BP CEO: Industry Needs to Reassess Deep-Sea Operations, Safety

By Will Dunham | June 4, 2010

Oil companies need to improve safety technology for deep-water drilling and the massive spill in the Gulf of Mexico should prompt the industry to rethink its business model for such operations, BP chief Tony Hayward said in comments published on Friday.

Writing an opinion piece in the Wall Street Journal, he said BP was in “uncharted territory” in trying to stem the oil gushing from the seabed about a mile (1.6 km) deep off the Louisiana coast — the worst spill in U.S. history.

“We need to be better prepared for a subsea disaster. It is clear that our industry should be better prepared to address deep sea accidents of this type and magnitude,” Hayward wrote.

Hayward, who has drawn fire for his comments and his company’s conduct during the ongoing spill, said the disaster points to the need for oil companies with deep-water operations fundamentally to reassess how they work.

“The industry and the government did not anticipate this type of accident — one in which all the ‘failsafe’ mechanisms failed,” Hayward wrote.

“Like the astronauts aboard Apollo 13 who had to build a CO2 filter from whatever was available in their capsule under the direction of engineers back on Earth, we are forced to innovate in real time,” he added.

Apollo 13 was the failed 1970 U.S. moon mission in which astronauts and engineers on the ground improvised a safe return for the crew after an explosion in space crippled their command module.

‘BETTER SAFETY TECHNOLOGY’

“First, we need better safety technology. We in the industry have long had great confidence in the blowout preventer as the ultimate failsafe piece of safety equipment. Yet on this occasion it failed, with disastrous consequences,” he wrote.

The reason for failure of the blowout preventer, an apparatus to seal off a well and uncouple the drilling pipe in the event of an emergency, remains a mystery.

Since the April 20 explosion of the drilling rig that killed 11 crewmen and triggered the spill, BP has been evaluating the undersea blowout preventers in its drilling work worldwide, as well as testing and maintenance procedures of drilling contractors using the devices, Hayward said.

“We will participate in industry-wide efforts to improve the safety and reliability of subsea blowout preventers and deep-water drilling practices,” Hayward wrote.

Hayward said in light of the Gulf of Mexico spill his industry “should carefully evaluate its business model,” noting that exploration and production companies have for decades “relied on outsourcing work to specialized contractors.”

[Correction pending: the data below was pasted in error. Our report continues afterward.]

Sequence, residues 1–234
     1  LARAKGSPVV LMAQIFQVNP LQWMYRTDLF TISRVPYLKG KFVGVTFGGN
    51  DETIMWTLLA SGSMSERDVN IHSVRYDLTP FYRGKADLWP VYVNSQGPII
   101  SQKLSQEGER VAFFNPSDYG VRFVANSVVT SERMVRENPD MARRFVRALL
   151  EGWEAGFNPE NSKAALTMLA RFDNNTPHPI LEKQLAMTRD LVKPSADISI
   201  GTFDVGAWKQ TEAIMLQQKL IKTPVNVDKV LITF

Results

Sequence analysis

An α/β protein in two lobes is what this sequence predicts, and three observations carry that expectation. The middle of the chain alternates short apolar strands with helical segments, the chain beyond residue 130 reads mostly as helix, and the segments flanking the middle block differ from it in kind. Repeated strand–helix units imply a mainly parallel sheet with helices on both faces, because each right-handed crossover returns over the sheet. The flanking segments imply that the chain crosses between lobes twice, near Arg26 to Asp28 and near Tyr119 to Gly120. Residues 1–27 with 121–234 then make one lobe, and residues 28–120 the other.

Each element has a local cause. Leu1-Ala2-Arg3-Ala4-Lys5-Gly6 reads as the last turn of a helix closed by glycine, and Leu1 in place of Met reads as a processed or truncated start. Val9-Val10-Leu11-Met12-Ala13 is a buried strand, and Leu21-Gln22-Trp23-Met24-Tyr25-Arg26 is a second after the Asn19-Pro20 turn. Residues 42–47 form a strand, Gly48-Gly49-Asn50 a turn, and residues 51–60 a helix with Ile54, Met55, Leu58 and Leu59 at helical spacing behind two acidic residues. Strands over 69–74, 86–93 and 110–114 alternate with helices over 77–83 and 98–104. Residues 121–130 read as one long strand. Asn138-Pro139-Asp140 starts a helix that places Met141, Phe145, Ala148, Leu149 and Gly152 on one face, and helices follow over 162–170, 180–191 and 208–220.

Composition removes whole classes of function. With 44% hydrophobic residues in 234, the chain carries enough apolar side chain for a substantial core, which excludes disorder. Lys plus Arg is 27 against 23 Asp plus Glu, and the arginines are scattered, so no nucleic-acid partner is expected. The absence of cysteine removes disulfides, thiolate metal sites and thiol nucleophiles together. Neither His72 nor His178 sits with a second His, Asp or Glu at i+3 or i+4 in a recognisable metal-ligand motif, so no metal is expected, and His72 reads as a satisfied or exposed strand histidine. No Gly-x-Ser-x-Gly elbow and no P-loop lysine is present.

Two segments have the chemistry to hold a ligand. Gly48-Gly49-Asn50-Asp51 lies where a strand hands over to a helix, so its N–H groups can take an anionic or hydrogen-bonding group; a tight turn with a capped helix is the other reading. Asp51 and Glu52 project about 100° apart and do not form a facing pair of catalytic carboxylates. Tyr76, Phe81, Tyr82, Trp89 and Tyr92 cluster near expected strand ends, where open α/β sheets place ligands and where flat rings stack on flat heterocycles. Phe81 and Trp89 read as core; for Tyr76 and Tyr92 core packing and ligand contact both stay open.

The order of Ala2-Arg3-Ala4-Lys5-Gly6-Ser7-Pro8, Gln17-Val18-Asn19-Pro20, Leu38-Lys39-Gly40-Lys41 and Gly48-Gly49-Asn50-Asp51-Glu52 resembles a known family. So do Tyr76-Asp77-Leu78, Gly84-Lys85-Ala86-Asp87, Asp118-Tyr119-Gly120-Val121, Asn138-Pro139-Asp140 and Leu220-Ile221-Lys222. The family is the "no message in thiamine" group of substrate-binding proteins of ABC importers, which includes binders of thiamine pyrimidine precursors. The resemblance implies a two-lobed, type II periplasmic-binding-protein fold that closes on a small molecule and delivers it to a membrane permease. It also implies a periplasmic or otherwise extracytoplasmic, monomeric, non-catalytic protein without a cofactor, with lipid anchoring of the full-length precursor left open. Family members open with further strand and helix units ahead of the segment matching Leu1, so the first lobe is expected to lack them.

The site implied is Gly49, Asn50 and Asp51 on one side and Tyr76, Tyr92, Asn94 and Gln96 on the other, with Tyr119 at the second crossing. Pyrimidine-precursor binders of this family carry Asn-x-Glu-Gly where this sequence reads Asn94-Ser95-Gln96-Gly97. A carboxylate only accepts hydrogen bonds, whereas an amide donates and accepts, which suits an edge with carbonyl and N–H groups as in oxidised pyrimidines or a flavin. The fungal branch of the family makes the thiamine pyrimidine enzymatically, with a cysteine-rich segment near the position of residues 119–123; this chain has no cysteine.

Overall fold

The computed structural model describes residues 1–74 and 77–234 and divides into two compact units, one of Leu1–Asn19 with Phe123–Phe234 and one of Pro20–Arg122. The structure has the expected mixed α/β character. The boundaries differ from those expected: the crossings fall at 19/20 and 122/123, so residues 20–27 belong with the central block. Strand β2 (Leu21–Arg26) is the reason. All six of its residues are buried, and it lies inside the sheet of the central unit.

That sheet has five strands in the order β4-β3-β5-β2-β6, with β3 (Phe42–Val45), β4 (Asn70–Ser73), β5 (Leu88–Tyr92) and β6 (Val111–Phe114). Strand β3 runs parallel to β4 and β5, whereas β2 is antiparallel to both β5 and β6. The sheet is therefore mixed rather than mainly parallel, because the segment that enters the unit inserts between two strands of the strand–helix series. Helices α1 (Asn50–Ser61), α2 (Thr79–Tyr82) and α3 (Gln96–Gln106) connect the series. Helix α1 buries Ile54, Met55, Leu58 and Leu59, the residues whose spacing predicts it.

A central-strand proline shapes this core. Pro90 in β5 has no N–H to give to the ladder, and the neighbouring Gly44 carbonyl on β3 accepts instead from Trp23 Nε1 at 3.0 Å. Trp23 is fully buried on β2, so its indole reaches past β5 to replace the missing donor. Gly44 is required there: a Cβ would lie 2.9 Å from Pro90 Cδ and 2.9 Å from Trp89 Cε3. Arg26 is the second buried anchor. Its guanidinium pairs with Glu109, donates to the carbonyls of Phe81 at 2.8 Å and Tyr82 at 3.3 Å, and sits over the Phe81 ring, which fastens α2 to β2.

Such was the case with the doomed Deepwater Horizon drilling rig, which was owned and operated under contract with BP by Transocean Ltd, while Halliburton Co. was working to seal the well when the blowout occurred.

“There’s much that makes sense about this kind of structure, and lots of talented people and well-run companies are a part of it,” Hayward wrote.

“But the question after the Deepwater Horizon accident is how all involved parties — including exploration and production companies and drilling contractors — can work even more closely together to better understand and significantly reduce the various risks associated with drilling operations.”

Hayward said that after the 1989 Exxon Valdez tanker spill in Alaska’s Prince William Sound, “the industry recognized the need to enhance its capacity to address oil spills” and the independent nonprofit Marine Spill Response Corporation (MSRC) was formed.

MSRC’s capabilities include an inventory of vessels, equipment and trained personnel, complemented by a large contractor work force, he noted.

“We now need to develop a similar capability for dealing with large undersea spills. BP intends to have a key role in creating this capability, and we believe that our competitors and counterparts in the industry will join us,” he wrote.

Hayward’s column comes two days after he issued a public apology for saying in media interviews that he wants “my life back.” He earlier sparked an uproar with remarks suggesting the environmental impact of the disaster would likely be “very, very modest” and for playing down the scale of the disaster.

(Reporting by Will Dunham and Steve Gorman; Editing by Michael Shields)

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